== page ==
Anonymity is not Privacy

Let's pretend that I want to do something subversive like participate in a social network with persons who don't like the current form of government, or maybe I want to be really subversive and prevent advertisers from tracking my social network habits. In either case, preventing someone from de-anonymizing me is essential. The University of Texas paper linked here demonstrates that by using anonymous data from from multiple social networks it is possible to de-anonymize individuals and reliably identify them based on a comparison of the links between the persons in the social networks.

This is relevant in daily online life. If for example, my personal online presence could jeopardize my professional standing (a firearms advocate in a liberal University comes to mind), I would need to maintain separation of personal and professional online presence. Individuals who need to fear loss of freedom based on their personal social network affiliation would be another example. This re…

QWERTY is Mainstream?

Touch screens and QWERTY keyboards on mobile devices are finally mainstream just about the time when they really should be obsolete. That’s too bad, really. Voice control should be mainstream, not qwerty keypads. I should be be able to have basic mobile phone control and mobile communications without reaching for my phone and poking around on it. It’s 2009. For mobile devices, touches, swipes, swirls, stabs and keypads are archaic. Phones should be heard, not seen.How close are we?Microsoft Voice Command is a partial solution. It allows basic phone control with speaker independent voice. It works with Bluetooth so I can tap the headset and say things like ‘call Jake Botts at home’ or ‘dial 612 555 1212’ and it generally figures out what I want. It also allows voice access to the calendar (‘What’s my schedule’), and can navigate menus and contacts (‘show Jake Botts’ or ‘start solitaire’ or ‘start google maps’). Additionally, it reads incoming SMS’s & messages and announces incoming…

Vendors That Don’t Support VM’s?

From a large software vendor: VMWare support: <vendor> applications running on VMware are supported as long as the OS running in the virtual machine is certified by <vendor> (see <vendor> Platform Availability Matrix).That’s good. However, if <vendor> is unable to reproduce an issue the customer may be asked to reproduce the problem running natively on the certified OS, without the use of VMware. <vendor> does not explicitly test or certify products running in a VMware environment.That’s not good. We’ve run into this a handful of times. In this case, I’m not sure how to interpret the nuanced difference between support and certification, but it’s pretty clear that <vendor> wants to leave open the option of blaming the vm in cases where they can’t figure out what’s broke. It’s the old ‘I have no clue what’s happening, so I’ll blame the network/firewall’ problem. In theory, one would have to maintain a non-vm'd test environment to use in the event …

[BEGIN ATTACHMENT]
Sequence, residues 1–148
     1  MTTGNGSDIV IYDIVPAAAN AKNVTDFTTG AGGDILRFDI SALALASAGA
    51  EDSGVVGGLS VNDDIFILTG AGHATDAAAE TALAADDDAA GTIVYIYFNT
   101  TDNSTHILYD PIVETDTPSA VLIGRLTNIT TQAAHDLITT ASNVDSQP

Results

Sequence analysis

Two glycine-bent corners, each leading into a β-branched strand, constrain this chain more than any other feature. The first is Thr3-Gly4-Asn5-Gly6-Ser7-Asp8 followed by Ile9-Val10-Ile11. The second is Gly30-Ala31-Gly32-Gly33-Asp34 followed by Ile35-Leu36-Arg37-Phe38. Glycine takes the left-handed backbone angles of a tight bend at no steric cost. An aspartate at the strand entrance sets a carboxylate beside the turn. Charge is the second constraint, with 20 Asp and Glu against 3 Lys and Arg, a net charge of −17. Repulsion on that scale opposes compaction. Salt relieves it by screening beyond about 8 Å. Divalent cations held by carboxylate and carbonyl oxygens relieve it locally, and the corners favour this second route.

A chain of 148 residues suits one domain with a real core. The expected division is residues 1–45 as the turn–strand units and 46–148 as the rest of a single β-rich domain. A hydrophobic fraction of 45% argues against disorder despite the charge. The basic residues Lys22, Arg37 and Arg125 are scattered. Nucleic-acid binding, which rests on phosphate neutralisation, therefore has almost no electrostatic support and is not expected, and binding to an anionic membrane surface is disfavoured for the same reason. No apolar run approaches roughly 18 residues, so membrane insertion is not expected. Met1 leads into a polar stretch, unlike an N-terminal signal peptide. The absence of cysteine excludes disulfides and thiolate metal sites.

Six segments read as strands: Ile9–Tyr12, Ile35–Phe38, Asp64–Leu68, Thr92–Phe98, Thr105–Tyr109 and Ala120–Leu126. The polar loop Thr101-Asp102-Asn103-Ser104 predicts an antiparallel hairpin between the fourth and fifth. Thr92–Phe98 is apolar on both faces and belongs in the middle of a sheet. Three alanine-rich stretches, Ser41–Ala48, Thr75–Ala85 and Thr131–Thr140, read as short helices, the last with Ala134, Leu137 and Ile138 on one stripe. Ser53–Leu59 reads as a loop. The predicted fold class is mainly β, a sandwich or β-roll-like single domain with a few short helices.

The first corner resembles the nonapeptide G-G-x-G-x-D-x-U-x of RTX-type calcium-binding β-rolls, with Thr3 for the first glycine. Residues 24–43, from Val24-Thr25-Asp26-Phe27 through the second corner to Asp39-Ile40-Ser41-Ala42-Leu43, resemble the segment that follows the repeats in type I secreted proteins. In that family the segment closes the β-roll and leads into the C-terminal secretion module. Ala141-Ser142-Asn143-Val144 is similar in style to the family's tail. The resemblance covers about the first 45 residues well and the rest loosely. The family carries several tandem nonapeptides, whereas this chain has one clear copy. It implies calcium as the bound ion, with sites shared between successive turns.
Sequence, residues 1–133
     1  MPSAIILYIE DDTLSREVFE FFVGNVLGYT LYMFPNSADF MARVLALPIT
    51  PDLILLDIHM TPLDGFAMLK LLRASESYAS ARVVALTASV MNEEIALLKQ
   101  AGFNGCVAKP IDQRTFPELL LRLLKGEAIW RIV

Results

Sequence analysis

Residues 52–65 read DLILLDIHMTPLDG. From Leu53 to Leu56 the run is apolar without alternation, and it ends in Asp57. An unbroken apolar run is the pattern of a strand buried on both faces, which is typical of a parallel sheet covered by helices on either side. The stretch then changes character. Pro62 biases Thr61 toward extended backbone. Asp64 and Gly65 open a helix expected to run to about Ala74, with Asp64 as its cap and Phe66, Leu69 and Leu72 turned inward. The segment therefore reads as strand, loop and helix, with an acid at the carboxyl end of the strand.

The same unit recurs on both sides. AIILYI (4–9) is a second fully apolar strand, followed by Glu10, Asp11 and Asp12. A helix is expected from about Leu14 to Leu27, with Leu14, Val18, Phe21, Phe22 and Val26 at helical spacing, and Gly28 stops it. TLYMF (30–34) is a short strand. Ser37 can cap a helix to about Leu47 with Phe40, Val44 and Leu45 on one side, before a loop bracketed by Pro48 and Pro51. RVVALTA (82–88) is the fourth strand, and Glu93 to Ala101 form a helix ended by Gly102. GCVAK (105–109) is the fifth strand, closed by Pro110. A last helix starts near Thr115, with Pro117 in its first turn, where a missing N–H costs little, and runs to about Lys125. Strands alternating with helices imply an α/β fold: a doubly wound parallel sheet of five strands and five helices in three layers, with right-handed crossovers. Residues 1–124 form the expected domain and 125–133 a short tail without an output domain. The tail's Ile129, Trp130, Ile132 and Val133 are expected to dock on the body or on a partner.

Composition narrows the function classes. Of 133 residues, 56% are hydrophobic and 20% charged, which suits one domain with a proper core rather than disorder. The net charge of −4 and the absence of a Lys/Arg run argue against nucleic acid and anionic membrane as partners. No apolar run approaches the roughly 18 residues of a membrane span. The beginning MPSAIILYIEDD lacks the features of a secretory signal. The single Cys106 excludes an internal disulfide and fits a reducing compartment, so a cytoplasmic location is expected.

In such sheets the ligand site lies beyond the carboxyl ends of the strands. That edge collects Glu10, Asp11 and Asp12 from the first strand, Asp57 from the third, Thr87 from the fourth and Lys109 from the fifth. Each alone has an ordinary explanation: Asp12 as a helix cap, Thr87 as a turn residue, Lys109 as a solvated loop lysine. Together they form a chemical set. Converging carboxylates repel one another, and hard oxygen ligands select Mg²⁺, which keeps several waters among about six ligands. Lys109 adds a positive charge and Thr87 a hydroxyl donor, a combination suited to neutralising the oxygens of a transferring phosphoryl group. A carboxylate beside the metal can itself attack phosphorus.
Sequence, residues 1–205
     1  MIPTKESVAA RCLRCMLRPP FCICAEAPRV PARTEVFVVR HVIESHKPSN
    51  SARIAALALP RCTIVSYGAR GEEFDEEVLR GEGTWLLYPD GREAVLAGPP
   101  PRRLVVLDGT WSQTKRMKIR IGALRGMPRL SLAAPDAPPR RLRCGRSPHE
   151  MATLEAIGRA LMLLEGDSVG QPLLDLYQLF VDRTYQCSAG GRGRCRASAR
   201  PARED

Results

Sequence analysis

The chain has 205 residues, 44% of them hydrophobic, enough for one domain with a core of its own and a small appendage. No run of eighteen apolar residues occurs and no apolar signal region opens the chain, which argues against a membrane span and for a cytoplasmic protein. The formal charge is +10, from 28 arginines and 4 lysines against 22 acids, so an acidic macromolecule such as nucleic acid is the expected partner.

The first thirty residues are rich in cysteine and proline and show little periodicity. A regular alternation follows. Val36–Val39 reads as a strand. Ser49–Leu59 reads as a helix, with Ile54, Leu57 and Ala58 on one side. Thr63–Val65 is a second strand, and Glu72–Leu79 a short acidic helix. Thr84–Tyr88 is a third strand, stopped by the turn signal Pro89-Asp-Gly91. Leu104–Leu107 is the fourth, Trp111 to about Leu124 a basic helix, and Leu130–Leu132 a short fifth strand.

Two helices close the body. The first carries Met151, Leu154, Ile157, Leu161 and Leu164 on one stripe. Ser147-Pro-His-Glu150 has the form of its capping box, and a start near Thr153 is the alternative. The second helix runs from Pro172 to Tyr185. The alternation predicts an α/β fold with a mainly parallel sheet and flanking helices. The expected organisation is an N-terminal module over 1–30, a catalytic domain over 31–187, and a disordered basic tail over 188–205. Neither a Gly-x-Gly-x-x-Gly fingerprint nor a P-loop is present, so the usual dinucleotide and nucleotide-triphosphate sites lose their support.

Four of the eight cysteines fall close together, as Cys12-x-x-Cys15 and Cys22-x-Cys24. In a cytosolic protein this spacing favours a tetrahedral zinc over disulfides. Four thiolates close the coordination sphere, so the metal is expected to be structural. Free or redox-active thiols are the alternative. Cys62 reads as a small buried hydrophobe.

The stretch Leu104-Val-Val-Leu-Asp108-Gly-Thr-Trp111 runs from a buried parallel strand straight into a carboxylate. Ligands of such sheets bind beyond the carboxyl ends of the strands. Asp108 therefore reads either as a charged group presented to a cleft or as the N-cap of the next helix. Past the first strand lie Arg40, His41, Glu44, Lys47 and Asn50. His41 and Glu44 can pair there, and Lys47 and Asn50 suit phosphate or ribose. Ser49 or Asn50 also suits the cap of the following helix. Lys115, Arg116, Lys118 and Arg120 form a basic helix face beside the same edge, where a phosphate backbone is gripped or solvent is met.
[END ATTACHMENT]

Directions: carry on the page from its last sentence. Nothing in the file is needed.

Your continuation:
The Cloud - A New Provider Failure Mode

I certainly would not have thought of this failure mode. A law enforcement agency raids a datacenter and grabs the hardware that your provider uses to host your business critical application.The FBI has seized all equipment belonging to our customers. Many customers went to the data center to try and retrieve their equipment, but were threatened with arrest.Let’s assume that some customer in a cloud or co-lo is doing something bad. The law enforcement agency doesn’t understand clouds, virtualization VMotion, or hypervisors. They understand computers. Which one is it? Who knows. Grab them all.I’m not clear on the details of what happened in this particular event. It’s possible that the provider was a legitimate target of law enforcement. From the point of view of someone who has a critical application tied up in the mess, the details are not as important as the concept. If someone, somewhere in the same co-lo or cloud as you commits some crime, what will law enforcement do, and how wi…

A New Model for Product Purchasing

Most organizations follow an acquisition model similar to:
Identify Business Need Gather Requirements Evaluate Products Select Product Purchase Product Implement Product This model has generally proven to be costly and unreliable. Significant resources are spent identifying needs and requirements. Working with users to determine requirements is generally unreliable and often results in recursive need/requirement loops. Product evaluation and selection is time consuming and expensive, often requiring RFP’s, live demos and test installations. The end product rarely meets the users needs or requirements, simply because the unreliability of the user results in documented needs and requirements that do not represent actual user requirements.
The above process may be significantly streamlined by simply eliminating the unnecessary steps and reordering the remaining. The new model looks like this:
Purchase Product Implement Product Gather Requirements Identify Business Need This minor modi…